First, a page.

Monday, May 29, 2017

Political Operative, U. S. Senator, and Public Servant Fred Dubois [otd 05/29]

Senator Dubois. Library of Congress.
Idaho Senator and political operative Fred Thomas Dubois was born May 29, 1851 in Illinois. Dubois graduated from Yale in 1872, then worked in a Chicago dry-goods store for about three years.

More inclined toward politics and public service, DuBois wrangled an appointment to a low-level Illinois administrative post. He resigned a year later, shortly before the death of his father, a prominent Illinois politician.

He kept himself busy until 1880, when his brother was appointed resident physician at the Fort Hall Indian Reservation. Fred and his brother were very close, so he decided to move west also. After their arrival, Fred rode on a cattle drive and then worked various jobs around Fort Hall.

Possessed of remarkable political instincts and skills, DuBois began by using family connections to obtain an appointment as U.S. Marshal for Idaho Territory. The job took him all over the Territory. He then parleyed all those contacts into election as Idaho’s Delegate to Congress in 1887. For the first but not the last time, his campaign promises exploited an undercurrent of anti-Mormon sentiment in the Territory.

DuBois played a key behind-the-scenes role in arranging for the selection of the state’s first U. S. Senate slate [blog, Apr 1]. In the end, DuBois became one of Idaho’s first two Senators, as a Republican. By all accounts, he put his extraordinary political skills to good use there.

Silver mining was then a mainstay of the Idaho economy, so DuBois quite naturally became part of the 1896 Silver Republican Party. Their Presidential candidate, William Jennings Bryan, won overwhelmingly in Idaho, but lost nationwide. Meanwhile, a Democratic-Populist party “fusion” ticket won the Idaho legislature, which elected a Populist to replace Dubois in the U. S. Senate.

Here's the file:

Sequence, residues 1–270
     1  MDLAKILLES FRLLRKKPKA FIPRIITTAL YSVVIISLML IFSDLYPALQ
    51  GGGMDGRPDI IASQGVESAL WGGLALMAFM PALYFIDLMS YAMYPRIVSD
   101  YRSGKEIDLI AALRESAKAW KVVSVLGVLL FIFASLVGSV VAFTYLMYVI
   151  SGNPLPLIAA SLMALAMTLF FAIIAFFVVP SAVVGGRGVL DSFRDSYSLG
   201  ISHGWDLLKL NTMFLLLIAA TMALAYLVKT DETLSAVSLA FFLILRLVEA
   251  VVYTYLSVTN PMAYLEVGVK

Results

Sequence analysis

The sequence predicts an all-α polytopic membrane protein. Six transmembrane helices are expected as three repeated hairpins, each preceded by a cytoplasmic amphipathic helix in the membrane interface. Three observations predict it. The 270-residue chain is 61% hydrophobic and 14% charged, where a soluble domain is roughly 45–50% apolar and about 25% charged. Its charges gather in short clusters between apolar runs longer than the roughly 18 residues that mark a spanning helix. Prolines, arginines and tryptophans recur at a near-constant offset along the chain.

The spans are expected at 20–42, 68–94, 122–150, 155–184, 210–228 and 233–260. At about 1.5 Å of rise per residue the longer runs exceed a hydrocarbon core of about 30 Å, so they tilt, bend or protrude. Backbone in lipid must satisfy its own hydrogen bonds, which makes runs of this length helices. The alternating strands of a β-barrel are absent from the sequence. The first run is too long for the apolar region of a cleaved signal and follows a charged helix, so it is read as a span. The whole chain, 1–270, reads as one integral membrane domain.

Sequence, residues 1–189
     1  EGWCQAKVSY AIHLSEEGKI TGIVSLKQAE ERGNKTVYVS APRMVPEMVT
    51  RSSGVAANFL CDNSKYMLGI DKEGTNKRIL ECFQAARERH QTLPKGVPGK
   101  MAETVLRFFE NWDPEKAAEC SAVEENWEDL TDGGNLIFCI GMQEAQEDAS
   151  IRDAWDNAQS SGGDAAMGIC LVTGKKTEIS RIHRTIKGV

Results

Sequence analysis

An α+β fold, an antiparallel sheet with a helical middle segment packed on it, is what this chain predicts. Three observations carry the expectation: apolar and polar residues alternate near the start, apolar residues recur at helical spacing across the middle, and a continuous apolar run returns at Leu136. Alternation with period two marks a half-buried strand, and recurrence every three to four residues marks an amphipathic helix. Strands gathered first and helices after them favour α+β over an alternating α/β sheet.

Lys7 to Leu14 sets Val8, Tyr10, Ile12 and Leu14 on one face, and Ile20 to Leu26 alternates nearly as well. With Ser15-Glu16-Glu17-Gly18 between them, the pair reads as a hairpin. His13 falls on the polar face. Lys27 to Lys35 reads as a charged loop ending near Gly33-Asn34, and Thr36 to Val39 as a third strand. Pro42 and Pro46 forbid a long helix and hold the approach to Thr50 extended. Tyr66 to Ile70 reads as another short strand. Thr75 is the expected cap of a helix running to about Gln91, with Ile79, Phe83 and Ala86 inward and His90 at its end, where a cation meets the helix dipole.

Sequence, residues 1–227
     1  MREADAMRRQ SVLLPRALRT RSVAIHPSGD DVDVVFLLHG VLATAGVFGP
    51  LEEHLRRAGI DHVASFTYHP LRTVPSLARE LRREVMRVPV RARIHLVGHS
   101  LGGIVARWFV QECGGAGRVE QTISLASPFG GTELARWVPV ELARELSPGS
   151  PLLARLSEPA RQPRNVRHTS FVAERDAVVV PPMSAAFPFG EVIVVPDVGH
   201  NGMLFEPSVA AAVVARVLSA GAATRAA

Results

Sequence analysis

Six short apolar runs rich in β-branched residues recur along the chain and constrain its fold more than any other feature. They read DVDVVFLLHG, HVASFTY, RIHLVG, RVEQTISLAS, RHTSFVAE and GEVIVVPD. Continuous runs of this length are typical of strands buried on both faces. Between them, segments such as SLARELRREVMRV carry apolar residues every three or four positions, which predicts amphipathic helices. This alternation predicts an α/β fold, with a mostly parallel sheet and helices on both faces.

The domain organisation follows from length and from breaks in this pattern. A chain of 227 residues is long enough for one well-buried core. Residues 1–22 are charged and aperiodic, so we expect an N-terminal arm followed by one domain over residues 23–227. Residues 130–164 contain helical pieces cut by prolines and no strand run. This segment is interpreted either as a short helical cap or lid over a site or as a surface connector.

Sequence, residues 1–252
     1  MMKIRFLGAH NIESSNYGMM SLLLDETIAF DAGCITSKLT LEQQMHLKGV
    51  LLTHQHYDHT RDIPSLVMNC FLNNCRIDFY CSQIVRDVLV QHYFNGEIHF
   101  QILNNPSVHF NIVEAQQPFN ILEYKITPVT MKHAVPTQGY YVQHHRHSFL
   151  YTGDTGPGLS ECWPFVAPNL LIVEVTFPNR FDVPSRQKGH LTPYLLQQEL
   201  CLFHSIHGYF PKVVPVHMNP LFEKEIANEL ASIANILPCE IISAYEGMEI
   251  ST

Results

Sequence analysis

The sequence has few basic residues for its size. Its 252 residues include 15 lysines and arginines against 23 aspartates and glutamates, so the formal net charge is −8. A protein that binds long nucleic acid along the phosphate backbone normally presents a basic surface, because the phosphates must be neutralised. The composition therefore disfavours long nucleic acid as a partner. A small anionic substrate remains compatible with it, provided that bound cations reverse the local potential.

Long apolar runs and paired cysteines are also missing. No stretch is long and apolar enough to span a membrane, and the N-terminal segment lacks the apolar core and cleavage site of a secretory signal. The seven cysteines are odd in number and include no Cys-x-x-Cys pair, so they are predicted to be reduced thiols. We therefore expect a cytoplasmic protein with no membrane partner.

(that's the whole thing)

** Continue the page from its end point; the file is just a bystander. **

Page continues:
As the Silver Republicans withered away nationally, DuBois resuscitated his career with a clever end-run. His skillful manipulation of factions in Idaho’s Democratic Party won him control of that group, which he then led into a fusion with the state’s remaining Silver Republicans. This peculiar amalgam gained control of the Idaho legislature, which then elected Dubois to replace Senator Shoup in the 1900 election.

Filipino rice field, ca 1905. Library of Congress.
For various reasons, DuBois switched to the Democratic Party for his term in the Senate. He particularly opposed the continued American presence in the Philippines. DuBois and other “anti-imperialists” pushed independence for the islands. On the other hand, DuBois supported Republican President Teddy Roosevelt’s proposal to expand national forest reserves, and a program to encourage irrigation projects for arid western lands.

Meanwhile, Idaho’s Republicans had re-unified to gain an overwhelming majority in the state legislature. Thus, DuBois didn’t even bother to run for reelection. (Even with his skills, he probably felt he’d burned too many bridges.) He remained active in Idaho politics until about 1918, but never again ran for public office himself.

DuBois spent the rest of his career in various appointive Federal positions, and sometimes as a lobbyist. He died in February 1930.
                                                                                 
References: [B&W]
Richard J. Beck, Famous Idahoans, Williams Printing, (© Richard J. Beck, 1989).
Leo W. Graff, Jr., “Fred T. Dubois – Biographical sketch,” Fred T. Dubois Collection, MC 004, Idaho State University  Special Collections, Pocatello.
"Fred Thomas Dubois,” Biographical Directory of the United States Congress, online.
"Fred Thomas Dubois: May 29, 1851 - February 14, 1930," Reference Series No. 541, Idaho State Historical Society.

2 comments:

  1. I'm surprised no one has done a biography of this guy. (At least I assume no one has since you don't list a book-length reference for him.)

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  2. So far as I could find, no one HAS done a full biography of Dubois. And I'm surprised too. The Graff reference from ISU is fairly detailed -- 9 pages long, but that's about it.

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